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Hudson Valley News

HV Lawmakers Discuss Using Settlement Funds For New TZB

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WAMC, Allison Dunne
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New York Governor Andrew Cuomo Wednesday delivered his State of the State address and budget plan. Included were proposals for using some of bank settlement money for construction of the new Tappan Zee Bridge.

Governor Cuomo unveiled how he would like to spend a one-time windfall of more than $5 billion in bank settlement funds. Here’s where he thinks some of it should go.

“We also propose using $1.2 billion of the settlement funds to protect Thruway toll payers for a year for the next year and to help finance the Tappan Zee Bridge.”

“It sounds good at first blush,” says Day. “It should be better, in my view.”

That’s Republican Rockland County Executive Ed Day. He and Westchester County Executive Rob Astorino in December called for using $1.95 billion of the settlement money to help fund the new Tappan Zee Bridge. Day says Cuomo’s proposal is about 35 percent less.

“There’s two issues here. Number one, it is significantly less than we requested. I don’t know to what degree it’s going to mitigate tolls,” Day says. “And the other issue is that it’s vague. It speaks to this funding going to the Thruway and Tappan Zee Bridge. I don’t know what the breakdown is, and I think we have a right to know that considering that 20 percent of the Thruway’s operating budget comes from Tappan Zee Bridge tolls currently.”

Democratic Congresswoman Nita Lowey, the ranking member on the House Appropriations Committee who represents all of Rockland and parts of Westchester, helped secure a $1.6 billion federal loan to help finance construction of the estimated $3.9 billion replacement Tappan Zee Bridge. She says she is working to secure additional federal funding. State Senator David Carlucci, an Independent Democrat, praises the use of settlement funds for the bridge, but is thinking longer term.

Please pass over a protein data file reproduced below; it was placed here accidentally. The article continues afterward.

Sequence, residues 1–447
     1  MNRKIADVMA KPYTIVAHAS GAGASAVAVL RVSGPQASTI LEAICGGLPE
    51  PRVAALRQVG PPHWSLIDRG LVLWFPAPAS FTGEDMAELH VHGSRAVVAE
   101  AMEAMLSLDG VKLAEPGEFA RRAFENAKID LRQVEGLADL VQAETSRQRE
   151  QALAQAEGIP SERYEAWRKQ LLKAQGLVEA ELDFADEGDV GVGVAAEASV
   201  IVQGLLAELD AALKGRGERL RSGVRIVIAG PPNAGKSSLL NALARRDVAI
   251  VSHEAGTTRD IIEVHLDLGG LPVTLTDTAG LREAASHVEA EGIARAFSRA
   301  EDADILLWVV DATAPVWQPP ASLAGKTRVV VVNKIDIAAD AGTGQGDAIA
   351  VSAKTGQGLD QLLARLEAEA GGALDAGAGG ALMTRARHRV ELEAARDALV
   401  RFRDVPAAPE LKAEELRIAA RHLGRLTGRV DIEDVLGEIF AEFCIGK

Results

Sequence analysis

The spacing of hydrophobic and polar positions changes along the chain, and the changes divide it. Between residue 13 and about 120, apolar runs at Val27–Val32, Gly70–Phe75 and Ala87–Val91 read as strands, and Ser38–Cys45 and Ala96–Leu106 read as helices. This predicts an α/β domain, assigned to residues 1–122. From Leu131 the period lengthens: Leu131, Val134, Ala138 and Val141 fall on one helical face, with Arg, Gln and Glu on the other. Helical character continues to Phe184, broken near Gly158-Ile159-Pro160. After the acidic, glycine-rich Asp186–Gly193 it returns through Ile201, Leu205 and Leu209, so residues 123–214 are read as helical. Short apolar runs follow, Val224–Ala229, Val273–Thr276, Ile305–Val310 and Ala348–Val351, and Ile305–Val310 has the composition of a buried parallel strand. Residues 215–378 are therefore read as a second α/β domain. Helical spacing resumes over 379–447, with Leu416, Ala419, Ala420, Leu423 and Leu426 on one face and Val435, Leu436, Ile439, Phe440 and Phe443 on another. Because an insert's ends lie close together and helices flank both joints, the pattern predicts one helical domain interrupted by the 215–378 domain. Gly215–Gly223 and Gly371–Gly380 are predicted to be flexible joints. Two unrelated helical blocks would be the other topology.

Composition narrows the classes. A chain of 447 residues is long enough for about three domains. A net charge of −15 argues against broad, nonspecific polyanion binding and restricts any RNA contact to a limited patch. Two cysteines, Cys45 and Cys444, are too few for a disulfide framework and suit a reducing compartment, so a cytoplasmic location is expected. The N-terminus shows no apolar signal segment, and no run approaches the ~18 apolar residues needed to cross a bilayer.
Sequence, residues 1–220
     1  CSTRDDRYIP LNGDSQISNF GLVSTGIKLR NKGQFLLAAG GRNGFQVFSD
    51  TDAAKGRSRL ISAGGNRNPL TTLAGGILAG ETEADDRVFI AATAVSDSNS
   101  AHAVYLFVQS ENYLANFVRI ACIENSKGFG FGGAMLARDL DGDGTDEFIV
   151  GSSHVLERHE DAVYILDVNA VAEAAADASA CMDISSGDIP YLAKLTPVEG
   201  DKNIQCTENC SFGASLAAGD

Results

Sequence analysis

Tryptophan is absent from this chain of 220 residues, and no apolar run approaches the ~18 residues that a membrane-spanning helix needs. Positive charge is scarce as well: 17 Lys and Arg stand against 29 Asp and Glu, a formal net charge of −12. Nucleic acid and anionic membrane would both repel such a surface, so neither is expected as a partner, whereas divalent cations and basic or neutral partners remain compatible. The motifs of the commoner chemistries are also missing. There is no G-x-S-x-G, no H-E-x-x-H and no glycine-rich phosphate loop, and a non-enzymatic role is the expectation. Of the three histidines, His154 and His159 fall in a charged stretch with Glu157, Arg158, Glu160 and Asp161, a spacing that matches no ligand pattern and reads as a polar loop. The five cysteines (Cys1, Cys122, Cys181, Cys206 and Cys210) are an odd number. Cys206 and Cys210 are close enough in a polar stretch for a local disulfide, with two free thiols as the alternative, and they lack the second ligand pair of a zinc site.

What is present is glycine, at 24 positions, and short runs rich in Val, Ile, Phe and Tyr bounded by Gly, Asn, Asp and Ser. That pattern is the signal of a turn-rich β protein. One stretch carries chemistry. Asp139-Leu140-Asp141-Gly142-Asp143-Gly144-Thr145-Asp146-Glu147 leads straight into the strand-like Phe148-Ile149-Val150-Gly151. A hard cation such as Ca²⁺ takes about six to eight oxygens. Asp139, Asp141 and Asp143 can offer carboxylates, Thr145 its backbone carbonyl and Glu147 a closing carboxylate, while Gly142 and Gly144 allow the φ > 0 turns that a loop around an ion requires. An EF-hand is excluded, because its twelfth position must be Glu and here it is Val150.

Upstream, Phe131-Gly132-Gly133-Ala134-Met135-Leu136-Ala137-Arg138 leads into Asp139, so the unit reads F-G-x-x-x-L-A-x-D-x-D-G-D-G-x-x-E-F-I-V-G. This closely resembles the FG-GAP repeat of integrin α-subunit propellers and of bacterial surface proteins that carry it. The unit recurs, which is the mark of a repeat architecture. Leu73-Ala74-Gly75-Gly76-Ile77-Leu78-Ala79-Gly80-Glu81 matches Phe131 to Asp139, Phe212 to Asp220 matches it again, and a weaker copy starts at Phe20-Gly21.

“So I think the, putting the $1.3 billion towards the Tappan Zee Bridge is great for the residents in our community, but in addition to that we’ve got to have long-term solutions,” Carlucci says. “So I think it’s important that we study the issue of having a merger between the Authorities, particularly the Bridge Authority and the Thruway Authority.”

Day and Astorino support exploring such an idea. Democratic Assemblyman Frank Skartados does not. He is concerned that such a merger would negatively impact residents and the Hudson Valley economy. He fears a merger could prompt a toll increase on bridges in his district – the Newburgh Beacon and Mid-Hudson Bridges - to pay for the Tappan Zee. Again, Carlucci:

“I’ve put forth legislation that would have a study to make sure that we’re reviewing a few things," Carlucci says. "So we’re reviewing the duplicative administrative costs, see if there’s ways that we could share services and administrative and personnel; also find ways that we could share services in terms of capital projects; and also do a study to see will the taxpayer, the toll payer, actually save if we were to merge the Bridge and the Thruway Authority.”

Republican Assemblyman from East Fishkill Kieran Lalor has mixed feelings about Cuomo’s proposal.

“Keeping the tolls down for one year, that really doesn’t, that’s not something that I find acceptable. That’s just putting off a bad thing for an extra year. I don’t know why that’s good,” says Lalor. “I agree with the general concept of using this settlement money for infrastructure projects, not fill a few gaps here and solve some temporary problems.”

He supports using some of the settlement money for construction of the replacement Tappan Zee. Democratic Assemblyman Kevin Cahill of Kingston says he hopes negotiations in his chamber bring more of the settlement money to infrastructure projects.

“I think that this was a one-time opportunity to take a one-shot revenue and do something that’s been long needed and that is to invest in our physical infrastructure,” says Cahill.  “We have great needs across the state of New York both at the state level and at the local level. Bridges, roads, water systems, sewer systems all need a desperate injection of new funds. This opportunity, $5 billion and change, could have given us that opportunity.”

When Cuomo went over his proposed $141.6 billion budget, he said that of the more than $5 billion in bank settlement funds, $850 million would go toward what is owed to the federal government for a discrepancy in past billings. He wants to spend $1.5 billion on upstate revitalization in the form of three $500 million revitalization grants to winning regions in upstate New York. $3 billion, including money for the new Tappan Zee, would be for infrastructure and other investments.

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